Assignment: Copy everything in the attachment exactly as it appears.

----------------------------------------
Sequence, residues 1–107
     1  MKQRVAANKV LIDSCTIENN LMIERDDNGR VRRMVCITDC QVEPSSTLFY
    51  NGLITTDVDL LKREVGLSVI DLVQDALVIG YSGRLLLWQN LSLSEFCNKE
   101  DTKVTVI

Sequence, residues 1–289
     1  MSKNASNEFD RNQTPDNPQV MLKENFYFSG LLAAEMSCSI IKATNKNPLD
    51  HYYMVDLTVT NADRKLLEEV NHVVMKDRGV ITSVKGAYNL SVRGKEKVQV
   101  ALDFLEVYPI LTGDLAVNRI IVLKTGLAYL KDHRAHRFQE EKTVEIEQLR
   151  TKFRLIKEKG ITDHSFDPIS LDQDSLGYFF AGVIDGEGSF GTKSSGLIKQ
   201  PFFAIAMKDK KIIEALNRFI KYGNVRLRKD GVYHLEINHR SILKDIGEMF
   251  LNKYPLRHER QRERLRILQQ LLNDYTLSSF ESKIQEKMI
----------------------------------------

Sequence, residues 1–107
     1  MKQRVAANKV LIDSCTIENN LMIERDDNGR VRRMVCITDC QVEPSSTLFY
    51  NGLITTDVDL LKREVGLSVI DLVQDALVIG YSGRLLLWQN LSLSEFCNKE
   101  DTKVTVI

Sequence, residues 1–289
     1  MSKNASNEFD RNQTPDNPQV MLKENFYFSG LLAAEMSCSI IKATNKNPLD
    51  HYYMVDLTVT NADRKLLEEV NHVVMKDRGV ITSVKGAYNL SVRGKEKVQV
   101  ALDFLEVYPI LTGDLAVNRI IVLKTGLAYL KDHRAHRFQE EKTVEIEQLR
   151  TKFRLIKEKG ITDHSFDPIS LDQDSLGYFF AGVIDGEGSF GTKSSGLIKQ
   201  PFFAIAMKDK KIIEALNRFI KYGNVRLRKD GVYHLEINHR SILKDIGEMF
   251  LNKYPLRHER QRERLRILQQ LLNDYTLSSF ESKIQEKMI